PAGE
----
work.” That was what the people were talking about. But suddenly that
mood has changed.
The situation changed so fast it took not more than a few weeks to
turn that euphoria once gain into anxiety, uncertainty and intrigue.
Amidst the turn of events one could see strange developments in the
political scene. Arch Political rivals forming coalitions confirming the
fact that in politics there are no permanent enemies or permanent
friends.’ Parties with diametrically opposing political philosophies’
views and interest forming common fronts.
Crossovers, betrayals, conspiracies, mud slinging, character
assassinations have become the order of the day. Pledges, promises are
so much in abundance, people are confused, perplexed and are unable to
comprehend the real issues and the undercurrents of the real politics.
The looming threat to the nation is covered with a thick curtain of
promises, pledges though attractive unrealistic in delivering.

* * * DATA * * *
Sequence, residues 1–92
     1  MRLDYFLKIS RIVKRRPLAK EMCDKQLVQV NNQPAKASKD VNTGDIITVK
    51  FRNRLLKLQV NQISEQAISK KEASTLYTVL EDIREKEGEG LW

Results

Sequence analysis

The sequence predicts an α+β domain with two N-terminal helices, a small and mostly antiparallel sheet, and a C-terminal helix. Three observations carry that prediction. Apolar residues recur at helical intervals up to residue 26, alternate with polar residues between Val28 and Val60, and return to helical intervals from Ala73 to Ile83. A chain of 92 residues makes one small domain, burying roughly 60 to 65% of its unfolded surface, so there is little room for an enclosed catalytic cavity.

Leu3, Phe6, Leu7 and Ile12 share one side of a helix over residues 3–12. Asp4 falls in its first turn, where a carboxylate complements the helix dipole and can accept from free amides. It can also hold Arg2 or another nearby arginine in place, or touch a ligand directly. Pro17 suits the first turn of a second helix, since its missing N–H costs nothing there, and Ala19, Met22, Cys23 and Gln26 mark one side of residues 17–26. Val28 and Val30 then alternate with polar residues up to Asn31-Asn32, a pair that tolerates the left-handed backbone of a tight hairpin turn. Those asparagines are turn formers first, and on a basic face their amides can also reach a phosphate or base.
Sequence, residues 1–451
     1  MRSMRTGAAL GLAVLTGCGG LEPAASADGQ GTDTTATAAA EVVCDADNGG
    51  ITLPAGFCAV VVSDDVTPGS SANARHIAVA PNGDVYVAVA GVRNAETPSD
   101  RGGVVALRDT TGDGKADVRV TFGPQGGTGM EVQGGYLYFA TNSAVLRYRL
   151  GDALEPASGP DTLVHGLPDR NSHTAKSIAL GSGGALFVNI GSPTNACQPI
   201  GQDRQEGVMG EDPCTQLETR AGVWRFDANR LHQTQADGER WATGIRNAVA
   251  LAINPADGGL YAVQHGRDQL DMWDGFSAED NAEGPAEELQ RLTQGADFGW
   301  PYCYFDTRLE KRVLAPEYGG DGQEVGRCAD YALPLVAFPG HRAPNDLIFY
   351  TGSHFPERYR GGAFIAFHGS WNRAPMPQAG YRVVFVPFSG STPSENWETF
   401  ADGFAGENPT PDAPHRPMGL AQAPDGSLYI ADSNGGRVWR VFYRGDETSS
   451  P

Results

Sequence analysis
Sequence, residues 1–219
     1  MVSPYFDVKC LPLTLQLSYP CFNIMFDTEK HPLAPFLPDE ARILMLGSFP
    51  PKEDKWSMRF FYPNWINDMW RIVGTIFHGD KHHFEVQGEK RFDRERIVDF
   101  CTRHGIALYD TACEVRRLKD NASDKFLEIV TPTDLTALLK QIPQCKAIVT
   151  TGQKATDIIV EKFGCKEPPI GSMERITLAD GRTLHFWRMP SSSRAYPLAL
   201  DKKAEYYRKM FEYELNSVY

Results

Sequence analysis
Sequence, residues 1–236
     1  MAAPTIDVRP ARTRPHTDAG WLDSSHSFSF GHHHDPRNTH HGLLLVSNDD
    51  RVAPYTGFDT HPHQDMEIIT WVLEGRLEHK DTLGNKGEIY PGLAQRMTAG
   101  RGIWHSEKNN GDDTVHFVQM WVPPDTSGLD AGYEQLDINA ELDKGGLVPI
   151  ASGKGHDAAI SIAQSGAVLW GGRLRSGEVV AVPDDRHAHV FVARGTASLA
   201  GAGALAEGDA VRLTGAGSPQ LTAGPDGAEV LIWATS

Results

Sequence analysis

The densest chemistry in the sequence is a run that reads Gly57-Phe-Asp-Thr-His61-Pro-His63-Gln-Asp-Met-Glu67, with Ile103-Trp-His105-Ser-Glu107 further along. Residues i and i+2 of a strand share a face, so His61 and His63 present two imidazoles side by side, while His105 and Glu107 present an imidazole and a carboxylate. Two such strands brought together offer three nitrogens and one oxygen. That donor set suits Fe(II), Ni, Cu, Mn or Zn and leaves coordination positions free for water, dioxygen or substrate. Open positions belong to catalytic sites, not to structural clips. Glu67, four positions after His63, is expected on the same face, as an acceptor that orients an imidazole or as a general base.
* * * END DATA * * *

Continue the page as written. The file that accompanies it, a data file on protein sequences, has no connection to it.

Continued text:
It appears that the Opposition common front is hell bent on unseating
Mahinda Rajapaksa from the Presidency. For what reason? The fabricated
reasons are to rid corruption, nepotism, family bandism, lessen Cost of
Living, restoration of democracy and media freedom etc.
Aren’t they hackneyed political slogans the electors are familiar
with from the inception of the electoral process? The promises that the
Opposition common candidate is making are the very same promises that
the parties who are backing him failed to fulfill when they were in
Probably Fonseka being a new comer to politics is ignorant of these
things or may be that he is having a different agenda in his mind which
no body knows. To mention a few it was not too long ago that the Supreme
Court passed judgment against the former President who is now active